BACKGROUND OF INVENTION
Home automation is a catchall phrase for “smart” low voltage and high voltage electrical appliances in a home. In its simplest form, it may be an outdoor light with a motion detector. In a more complex form, it may be a totally integrated home electrical, security, and entertainment management system including centralized audio/video wiring and distribution; “advanced” phone and computer LAN wiring and systems; security systems; smart HVAC systems; and automated lighting and other automated appliances.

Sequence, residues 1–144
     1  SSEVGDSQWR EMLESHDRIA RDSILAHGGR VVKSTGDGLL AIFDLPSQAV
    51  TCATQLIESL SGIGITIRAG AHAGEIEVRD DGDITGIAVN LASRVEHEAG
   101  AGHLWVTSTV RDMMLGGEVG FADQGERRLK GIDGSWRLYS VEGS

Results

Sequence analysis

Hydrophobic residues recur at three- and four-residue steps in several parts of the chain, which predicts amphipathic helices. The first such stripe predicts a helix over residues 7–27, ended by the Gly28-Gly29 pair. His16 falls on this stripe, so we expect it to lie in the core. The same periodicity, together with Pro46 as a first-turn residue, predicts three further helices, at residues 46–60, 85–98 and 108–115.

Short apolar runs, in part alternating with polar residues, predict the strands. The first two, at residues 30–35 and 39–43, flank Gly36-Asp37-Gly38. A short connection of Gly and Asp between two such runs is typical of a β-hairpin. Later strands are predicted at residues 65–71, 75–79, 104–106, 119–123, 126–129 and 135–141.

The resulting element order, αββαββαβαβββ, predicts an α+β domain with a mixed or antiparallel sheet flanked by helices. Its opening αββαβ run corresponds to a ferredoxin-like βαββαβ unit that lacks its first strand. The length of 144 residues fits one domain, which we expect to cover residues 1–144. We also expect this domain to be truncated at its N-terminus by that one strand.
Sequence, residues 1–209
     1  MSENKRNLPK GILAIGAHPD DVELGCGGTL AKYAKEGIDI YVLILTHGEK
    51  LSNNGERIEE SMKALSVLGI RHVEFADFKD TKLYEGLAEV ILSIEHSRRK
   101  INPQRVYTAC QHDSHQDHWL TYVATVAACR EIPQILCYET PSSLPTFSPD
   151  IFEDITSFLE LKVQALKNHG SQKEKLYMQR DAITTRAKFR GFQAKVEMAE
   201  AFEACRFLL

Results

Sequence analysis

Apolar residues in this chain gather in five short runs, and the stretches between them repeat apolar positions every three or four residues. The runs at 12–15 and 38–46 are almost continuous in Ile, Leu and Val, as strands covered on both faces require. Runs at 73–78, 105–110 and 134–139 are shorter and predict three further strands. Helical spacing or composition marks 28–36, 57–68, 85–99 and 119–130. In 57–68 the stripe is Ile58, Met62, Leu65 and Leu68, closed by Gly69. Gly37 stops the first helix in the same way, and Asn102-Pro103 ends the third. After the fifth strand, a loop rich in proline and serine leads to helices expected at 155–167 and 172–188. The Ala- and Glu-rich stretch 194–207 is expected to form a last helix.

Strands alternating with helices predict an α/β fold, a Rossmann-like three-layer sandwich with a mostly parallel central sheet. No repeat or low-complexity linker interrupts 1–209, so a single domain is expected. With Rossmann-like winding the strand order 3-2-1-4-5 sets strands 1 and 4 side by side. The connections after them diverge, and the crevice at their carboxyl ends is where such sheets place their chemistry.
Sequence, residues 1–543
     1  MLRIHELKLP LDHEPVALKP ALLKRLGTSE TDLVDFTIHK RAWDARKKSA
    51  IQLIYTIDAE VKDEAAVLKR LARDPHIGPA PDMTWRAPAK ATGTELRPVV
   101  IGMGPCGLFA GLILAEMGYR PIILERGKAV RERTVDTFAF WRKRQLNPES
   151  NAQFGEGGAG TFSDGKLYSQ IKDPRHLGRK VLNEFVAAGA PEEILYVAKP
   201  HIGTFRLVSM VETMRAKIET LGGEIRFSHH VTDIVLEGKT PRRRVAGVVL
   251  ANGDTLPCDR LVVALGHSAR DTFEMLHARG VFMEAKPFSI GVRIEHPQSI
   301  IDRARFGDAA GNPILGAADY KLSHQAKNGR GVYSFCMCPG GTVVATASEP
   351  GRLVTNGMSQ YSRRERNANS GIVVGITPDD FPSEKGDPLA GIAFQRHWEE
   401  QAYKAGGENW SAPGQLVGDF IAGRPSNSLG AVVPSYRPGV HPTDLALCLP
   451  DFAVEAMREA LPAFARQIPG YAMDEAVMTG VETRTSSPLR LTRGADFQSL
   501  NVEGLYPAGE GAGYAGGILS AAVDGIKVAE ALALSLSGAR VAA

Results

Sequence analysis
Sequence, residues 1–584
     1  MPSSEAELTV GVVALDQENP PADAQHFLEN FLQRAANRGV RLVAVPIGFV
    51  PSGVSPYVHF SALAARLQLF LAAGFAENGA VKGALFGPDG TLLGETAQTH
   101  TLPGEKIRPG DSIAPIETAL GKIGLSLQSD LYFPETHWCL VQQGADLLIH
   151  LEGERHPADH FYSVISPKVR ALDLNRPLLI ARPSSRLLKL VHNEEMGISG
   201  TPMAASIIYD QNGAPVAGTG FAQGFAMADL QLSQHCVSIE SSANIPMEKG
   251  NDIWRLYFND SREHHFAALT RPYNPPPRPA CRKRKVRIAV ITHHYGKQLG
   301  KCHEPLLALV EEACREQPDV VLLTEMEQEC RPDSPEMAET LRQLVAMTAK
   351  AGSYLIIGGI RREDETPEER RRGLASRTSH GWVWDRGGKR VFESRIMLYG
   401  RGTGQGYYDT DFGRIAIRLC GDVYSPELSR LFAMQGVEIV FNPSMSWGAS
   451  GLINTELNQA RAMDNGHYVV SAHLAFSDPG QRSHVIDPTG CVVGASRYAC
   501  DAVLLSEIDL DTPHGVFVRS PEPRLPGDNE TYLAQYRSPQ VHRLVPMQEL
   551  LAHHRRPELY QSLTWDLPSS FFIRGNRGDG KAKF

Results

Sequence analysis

Many different powerline protocols have been used for home automation lighting and device/appliance control. These protocols communicate between transmitters and receivers by sending and receiving signals over existing power line wiring that are used to power the devices. More specifically, these protocols use signals via 110/120 volt, 60 cycle, electrical wiring to transport messages between devices connected to the wiring for receiving electrical power. Most homes have three wires that feed the electrical system from an electrical panel or load center. Two of the three wires each include a hot (110/120 volt leg), and the third is a neutral line. Both 110/120 volt legs together with a neutral line provide a 220/240 volt source to power 220/240 volt appliances such as a dryer or an oven. Each of the 110/120 volt legs power items such as lights and outlet plugs via one of the two hot 110/120 volt legs and the neutral line. Because most homes are wired such that 220/240 volt potential is brought into the breaker panel and then split into two phases of 110/120 volts each, the signals from one device are transmitted onto one phase and have to travel all the way out to the pole transformer (utility company transformer) to couple across to the other phase. The amplitude of the signal on the other phase may therefore be greatly reduced due to signal attenuation. In other words, the two 110/120 volt legs are only connected at the transformer outside of the home. However, sometimes the distance that the signal must travel from one 110/120 volt leg to the utility transformer back to the home via the second 110/120 volt leg is too great and the signal attenuated.